Assoc Prof C Breen
Emeritus Associate Professor
Telephone: (021) 715 3559
Interests: Chris is an Emeritus Associate Professor of the School of Education at the University of Cape Town (UCT) and a visiting faculty member at the UCT Graduate School of Business. In July 2007, Chris ended his three-year term of office as President of the largest research group in the field of mathematics education, the International Group for the Psychology of Mathematics Education (PME). As President he was responsible for the successful running of the past three annual conferences, which were held in Melbourne (2005), Prague (2006) and Seoul (2007). He has lectured as a visiting professor at the universities of Lisbon, Auckland and Monash and given plenary conference papers in Australia, Portugal, Korea, Greece, Namibia, Zimbabwe and Canada in recent years.
His current research interests centre on the implications that the exploration of a Complexity Science paradigm have for research and for teaching. In particular he is concerned about the challenge to be sufficiently mindful of one’s decisions in the moment and he has been strongly influenced by the ideas of Francisco Varela and Humberto Maturana (enactivism) and John Mason (The Discipline of Noticing). A large collection of recent and older papers can be found on his web site www.chrisbreen.net.
Second Chance Maths
For the past ten years I have been developing a 10 hour programme for adults in which participants have tackled issues of fear of mathematics through a variety of activities in courses run at UCT’s Summer School and through UCT’s Graduate School of Business. These courses have resulted in the publication of a book called Second Chance Maths: You can do it! Further details about these courses and the book can be found at www.secondchancemaths.com.
Articles on the topic of Fear of Maths are:
Coping with fear of mathematics in a group of preservice primary school teachers. Pythagoras, 54, April, 2001, pp. 42-50
Concerning Mr Smith and his (very brief?) reign of terror. Pythagoras, 25, 31-37.
A Cautionary Tale about Rabbits, Moles and Choices. Pythagoras, 23, 20-22.
Much of my recent interest has been centred on ideas emerging from Complexity Science and Ecological writing and has been influenced by the work of Humberto Maturana, Francisco Varela and Brent Davis. Together with some colleagues in the School of Education, I initiated a Masters stream dedicated to Teaching in 2000 and have offered a module called Re-searching Teaching as one of the core modules in this stream for several years. This teaching has inspired some of the articles on this page as well as a course on Complexity and Diversity which I offer on occasional courses at the Graduate School of Business. I have tried to capture some of these ideas on www.chrisbreen.net.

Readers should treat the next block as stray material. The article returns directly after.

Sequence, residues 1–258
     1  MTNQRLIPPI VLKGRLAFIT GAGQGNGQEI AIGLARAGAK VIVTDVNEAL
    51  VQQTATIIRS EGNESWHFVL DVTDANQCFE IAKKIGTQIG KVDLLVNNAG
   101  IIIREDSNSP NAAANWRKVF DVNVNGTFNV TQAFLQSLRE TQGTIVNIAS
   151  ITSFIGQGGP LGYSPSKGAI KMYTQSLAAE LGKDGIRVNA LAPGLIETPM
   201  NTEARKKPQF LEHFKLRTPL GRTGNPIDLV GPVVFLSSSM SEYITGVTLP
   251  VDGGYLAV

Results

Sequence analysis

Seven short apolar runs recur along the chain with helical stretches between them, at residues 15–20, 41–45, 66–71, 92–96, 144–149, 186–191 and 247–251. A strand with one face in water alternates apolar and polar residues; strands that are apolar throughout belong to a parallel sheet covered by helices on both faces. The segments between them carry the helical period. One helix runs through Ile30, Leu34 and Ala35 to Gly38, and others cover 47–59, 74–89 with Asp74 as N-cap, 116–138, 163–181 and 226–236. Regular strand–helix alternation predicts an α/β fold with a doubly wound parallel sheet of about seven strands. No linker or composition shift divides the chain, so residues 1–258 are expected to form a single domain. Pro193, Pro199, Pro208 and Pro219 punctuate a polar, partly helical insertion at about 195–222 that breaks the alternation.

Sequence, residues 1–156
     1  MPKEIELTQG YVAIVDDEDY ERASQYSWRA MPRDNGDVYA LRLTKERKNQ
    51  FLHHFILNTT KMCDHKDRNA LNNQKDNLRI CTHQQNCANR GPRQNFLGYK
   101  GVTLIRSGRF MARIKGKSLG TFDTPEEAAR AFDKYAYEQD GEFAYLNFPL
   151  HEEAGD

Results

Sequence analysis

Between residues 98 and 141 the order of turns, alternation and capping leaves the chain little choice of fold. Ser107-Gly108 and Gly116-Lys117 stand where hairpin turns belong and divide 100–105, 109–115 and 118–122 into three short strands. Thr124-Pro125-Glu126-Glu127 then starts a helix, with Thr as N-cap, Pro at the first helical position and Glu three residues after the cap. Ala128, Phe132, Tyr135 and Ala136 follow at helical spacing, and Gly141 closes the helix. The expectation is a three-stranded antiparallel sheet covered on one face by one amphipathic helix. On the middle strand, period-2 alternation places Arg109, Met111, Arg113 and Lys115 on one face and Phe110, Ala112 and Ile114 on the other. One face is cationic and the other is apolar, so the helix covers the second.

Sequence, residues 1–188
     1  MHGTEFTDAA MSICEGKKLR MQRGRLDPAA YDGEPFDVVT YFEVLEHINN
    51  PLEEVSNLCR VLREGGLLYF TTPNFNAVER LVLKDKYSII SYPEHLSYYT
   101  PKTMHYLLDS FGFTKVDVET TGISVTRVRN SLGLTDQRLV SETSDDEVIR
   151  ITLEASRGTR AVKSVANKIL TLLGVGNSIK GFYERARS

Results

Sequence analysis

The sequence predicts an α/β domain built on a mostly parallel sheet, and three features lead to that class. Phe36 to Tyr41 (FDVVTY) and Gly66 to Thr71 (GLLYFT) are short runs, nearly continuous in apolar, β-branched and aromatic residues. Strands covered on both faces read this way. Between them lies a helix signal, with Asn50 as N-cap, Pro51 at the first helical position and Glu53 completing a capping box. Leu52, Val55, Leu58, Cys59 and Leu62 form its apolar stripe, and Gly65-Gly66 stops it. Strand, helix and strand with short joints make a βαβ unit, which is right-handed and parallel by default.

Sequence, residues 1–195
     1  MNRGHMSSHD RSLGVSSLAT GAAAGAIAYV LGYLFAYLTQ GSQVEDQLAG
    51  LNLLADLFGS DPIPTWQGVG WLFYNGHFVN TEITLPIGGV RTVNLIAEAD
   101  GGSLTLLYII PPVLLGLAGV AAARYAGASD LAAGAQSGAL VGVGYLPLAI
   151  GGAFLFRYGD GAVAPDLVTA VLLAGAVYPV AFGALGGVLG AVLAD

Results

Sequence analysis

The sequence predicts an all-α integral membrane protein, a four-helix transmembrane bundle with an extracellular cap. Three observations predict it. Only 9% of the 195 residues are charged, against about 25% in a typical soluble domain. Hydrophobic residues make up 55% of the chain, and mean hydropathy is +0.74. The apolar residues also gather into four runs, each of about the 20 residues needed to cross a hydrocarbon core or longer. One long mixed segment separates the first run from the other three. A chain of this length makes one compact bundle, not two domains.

- Navigating a Complex Supervisory Path through the Complicated Waters of Academia. Paper presented at the 3rd Complexity Science and Educational Research conference in Louisiana, November 2005.
- Marrow-bone Thoughts and Lasting Songs? Making sense of educational change and transformation. Thinking Classroom, 6, 1, 14-20, 2005.
- Promising Practices in Teaching and Learning., Keynote address at the 13th Annual Conference of the Southern African Association for Research in Mathematics, Science and Technology Education, January 2005, Safari Conference Centre, Windhoek, Namibia.
- Researching Teaching: Telling the hole'd truth and nothing but my truth, in A. Rogerson (ed.) Proceedings of the 3rd Mathematics Education into the 21st Century Project conference. Palm Cove, Cairns, Australia, August 19-24, 2001.
- Re-Searching Teaching: Changing Paradigms To Improve Practice, in K. Clements, H. Tairab, W. Yoong (Eds.) (2000) Science, mathematics and Technical Education in the 20 th and 21 st Centuries. Universiti Brunei Darussalam: Brunei.
Re-Searching Teaching: Moving from Gut Feeling to Disciplined Conversation, paper accepted in October 2001 for publication in South African Journal for Higher Education in 2002.
Student complexity theses
I have been fortunate enough to have been challenged by many adventurous students who have chosen to continue with some of the ideas raised in the Re-searching Teaching module. Two of these theses can be found below (and additional student writing at www.chrisbreen.net .)
- Re-cognising Teaching and Learning in an Ad Mathematics Programme, Neil Eddy
These documents are in PDF format, and can be read using Adobe Reader.